It’s April, and despite having the earliest start on Stannard Farm that we can recall (late February!), we are still going along. No, we haven’t been boiling every day since February. In fact, it’s almost as if there were two seasons this year. In between the early start and this last week, we’ve only made a barrel here and a barrel there in between cold snaps and days that really didn’t get quite warm enough for our trees to start flowing. Now that spring is here, our sap has been flowing strongly for a week and we’re getting in our season while everyone else is wrapping up theirs. It’s not unlikely that this will be the new normal for us. Without getting political, let’s just say that I do believe in climate change and that we are moving towards more and more erratic weather patterns, with record highs in February and record lows in March becoming common winter weather.
So what does that actually mean for our farm family? It means a couple of things. First, it means we don’t have one three-week long sugaring intensive. This has pro’s and con’s — it’s easier to keep up with the other parts of life but it also means that for weeks on end you need to be on your toes and ready to sugar at a moment’s notice. Second, it means my set-up is disrupted for weeks on end. Usually my packing and boxing supplies are set up in the sugarhouse but this time of year, everything is packed away to make room for sugaring. This is all well and good when sugaring season lasts three weeks. But when it goes on and on, I end up needing to pack syrup. We pull the hoppers (20 gallon stainless steel guys we heat the maple syrup in before hot-packing it) out of the sugarhouse attic. We bring the empty jugs up from storage. We move barrels of maple syrup up from storage. And as I pack, I have literally nowhere to put the jugs of maple syrup so they get moved back to storage as soon as they are cool enough to handle. One day as Ly was on the cusp of getting sick and inconsolable unless I was holding her, I moved over 100 jugs of maple syrup with her strapped to my back. True story.
What is my point in all of this? My point is that farming is hard. Most jobs have moments of hard in them, it is called “work” after all. Farming takes more than hard work, it takes everything. But unlike many other jobs, it gives you everything right back. The land, the satisfaction of working with your hands, the pride in making something that you share, that provides sweet sustenance to your family and to other families. There is nothing else like this. This sugaring season I spent more time in the sugarhouse than I ever have. James and I cuddled up on hot barrels of maple syrup on colder days while I waited to throw more wood on the fire. I climbed ladders and sprayed down foaming sap. I flung droplets of organic safflower oil into the maple syrup to keep it from boiling over. I threw wood on the fire, learning to mix wet, green wood with dry wood to produce an even fire. I shared fresh sap with James.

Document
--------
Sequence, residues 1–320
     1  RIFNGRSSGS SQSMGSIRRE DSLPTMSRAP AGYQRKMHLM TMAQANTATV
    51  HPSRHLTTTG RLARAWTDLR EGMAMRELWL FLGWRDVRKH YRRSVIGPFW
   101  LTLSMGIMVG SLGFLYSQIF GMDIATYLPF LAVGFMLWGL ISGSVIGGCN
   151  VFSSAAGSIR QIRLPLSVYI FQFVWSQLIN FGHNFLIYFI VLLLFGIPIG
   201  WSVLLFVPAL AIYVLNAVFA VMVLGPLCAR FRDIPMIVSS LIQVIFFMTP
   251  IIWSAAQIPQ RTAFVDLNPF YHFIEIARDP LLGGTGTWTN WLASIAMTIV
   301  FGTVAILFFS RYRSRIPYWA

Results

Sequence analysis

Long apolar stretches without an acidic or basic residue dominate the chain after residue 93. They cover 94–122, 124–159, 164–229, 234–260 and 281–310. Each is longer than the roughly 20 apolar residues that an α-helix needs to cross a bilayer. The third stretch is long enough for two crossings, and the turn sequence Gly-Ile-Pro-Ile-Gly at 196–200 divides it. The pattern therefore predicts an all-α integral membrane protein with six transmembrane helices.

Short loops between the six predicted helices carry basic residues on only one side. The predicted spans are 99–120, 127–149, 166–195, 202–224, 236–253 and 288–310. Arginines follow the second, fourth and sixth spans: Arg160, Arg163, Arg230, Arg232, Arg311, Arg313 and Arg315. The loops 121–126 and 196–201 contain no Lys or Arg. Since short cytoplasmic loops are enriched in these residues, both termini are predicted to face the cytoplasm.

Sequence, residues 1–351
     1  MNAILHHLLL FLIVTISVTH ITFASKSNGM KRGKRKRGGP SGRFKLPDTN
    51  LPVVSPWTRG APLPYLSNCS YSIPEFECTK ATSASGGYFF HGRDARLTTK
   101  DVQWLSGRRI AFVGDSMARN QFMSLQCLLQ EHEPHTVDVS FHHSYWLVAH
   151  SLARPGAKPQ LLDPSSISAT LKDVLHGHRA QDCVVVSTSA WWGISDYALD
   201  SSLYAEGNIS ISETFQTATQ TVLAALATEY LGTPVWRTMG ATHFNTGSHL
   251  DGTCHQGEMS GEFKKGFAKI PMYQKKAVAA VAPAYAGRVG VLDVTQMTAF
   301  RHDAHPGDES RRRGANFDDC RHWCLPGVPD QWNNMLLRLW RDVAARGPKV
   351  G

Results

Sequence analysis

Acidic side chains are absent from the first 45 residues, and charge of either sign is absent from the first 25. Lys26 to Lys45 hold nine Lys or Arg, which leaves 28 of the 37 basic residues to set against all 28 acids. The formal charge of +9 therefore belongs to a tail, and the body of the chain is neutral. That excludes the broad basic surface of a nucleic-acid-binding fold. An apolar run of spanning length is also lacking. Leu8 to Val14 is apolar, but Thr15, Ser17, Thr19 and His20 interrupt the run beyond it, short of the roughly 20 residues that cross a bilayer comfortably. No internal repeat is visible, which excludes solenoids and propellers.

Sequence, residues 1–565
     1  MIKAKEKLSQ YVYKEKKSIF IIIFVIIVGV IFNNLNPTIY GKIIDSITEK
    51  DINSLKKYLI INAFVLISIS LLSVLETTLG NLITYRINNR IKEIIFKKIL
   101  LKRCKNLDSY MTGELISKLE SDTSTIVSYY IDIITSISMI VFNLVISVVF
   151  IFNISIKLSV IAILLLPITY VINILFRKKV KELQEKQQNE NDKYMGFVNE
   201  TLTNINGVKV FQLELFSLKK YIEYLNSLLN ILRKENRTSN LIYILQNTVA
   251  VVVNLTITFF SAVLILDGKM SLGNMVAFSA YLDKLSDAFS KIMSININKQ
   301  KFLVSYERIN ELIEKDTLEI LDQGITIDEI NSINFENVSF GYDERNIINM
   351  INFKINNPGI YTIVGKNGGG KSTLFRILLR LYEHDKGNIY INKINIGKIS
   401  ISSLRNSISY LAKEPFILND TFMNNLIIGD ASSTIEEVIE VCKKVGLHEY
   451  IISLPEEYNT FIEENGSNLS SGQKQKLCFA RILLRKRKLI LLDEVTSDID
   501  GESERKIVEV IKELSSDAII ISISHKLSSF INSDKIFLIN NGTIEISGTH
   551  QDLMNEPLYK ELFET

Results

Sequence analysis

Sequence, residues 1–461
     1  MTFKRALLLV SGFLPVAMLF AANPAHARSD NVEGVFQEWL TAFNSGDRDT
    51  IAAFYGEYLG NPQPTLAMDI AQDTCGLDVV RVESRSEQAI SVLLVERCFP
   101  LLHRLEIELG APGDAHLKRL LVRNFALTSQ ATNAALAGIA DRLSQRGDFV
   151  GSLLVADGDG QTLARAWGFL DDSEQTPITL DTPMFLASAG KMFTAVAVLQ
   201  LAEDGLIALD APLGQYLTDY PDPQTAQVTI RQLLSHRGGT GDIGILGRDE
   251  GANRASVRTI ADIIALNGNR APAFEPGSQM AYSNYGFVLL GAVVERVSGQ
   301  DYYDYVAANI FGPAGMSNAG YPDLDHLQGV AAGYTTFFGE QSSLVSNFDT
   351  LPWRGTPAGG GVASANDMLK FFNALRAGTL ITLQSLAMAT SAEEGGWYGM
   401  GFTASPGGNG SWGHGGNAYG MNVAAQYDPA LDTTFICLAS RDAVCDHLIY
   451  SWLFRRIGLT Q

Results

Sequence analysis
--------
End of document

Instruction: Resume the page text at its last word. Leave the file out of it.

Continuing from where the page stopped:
But the weather this season was not the only thing on my mind. We have been steadily increasing our maple syrup sales since we were first certified organic in 2007 and are at a point where we may need to invest in new packing equipment and in expanding, or perhaps we stay where we are and possibly contract a little. It depends on a lot of factors. How much time can Travis put into the farm, do I want to work off-farm part or full-time or do I want to throw myself into sugaring? Can I see my west coast family regularly if I am a full-time farmer? How are the kids doing? Can we keep relying on occasional bits of free labor from Travis’ younger sisters as they buy houses, start families, build careers? For me, family farming has become a microcosm for all the big questions I have asked myself and continue to ask myself as I grow up (and I suspect I’ll be growing up all my life).
These choices our family is facing are not unique, the maple landscape is changing in Vermont and elsewhere. There are now 30,000 – 50,000 tap operations (perspective: we tap 6000 trees, and each tree needs a person to come by with a drill and a tap, we can’t expand production much more and stay at a family-scale of labor). It seems this concerns some sugarmakers but not others, read here and here for brief, somewhat contrasting views.
And if maple family farming is a microcosm for my life’s questions, I think it is also a microcosm for farming in general. It’s old news that family farms, despite being the foundation of Jeffersonian democracy and the iconic American image, yeoman farmer and all that, are on the decline and have been for years.
It seems to me there are two directions to go: forward with ever-increasing technology and ever-less hands, or move laterally to a new kind of rural economy. In this kind of economy, farms are more diversified — this means there is insurance built in for the years when one harvest does not do well, and it means there might be more room for part-time or full-time work off-farm, or value-added or agri-tourism work on-farm or alongside the farm. In this kind of economy there are partnerships and networks linking farms to local institutions to provide food, or siting a food operation that can pull from some of the farm labor in the area. Farms are both less the focus of the economy and, at a small scale, more prevalent and embedded in the economy. Once upon a time, everyone had a cow and a garden. I’m not suggesting we all return to that, but I am suggesting there is a lesson to be learned.
I don’t know what the rise of big maple means for Vermont, or what the overall decline in farming means in the U.S. But I am here in Vermont because I believe devoutly that farming needs to be a part of my children’s life. So whether I decide to work off-farm or not, whether The Reynolds Family sugars a little or a lot, I know that April will always be the sweetest time of the year.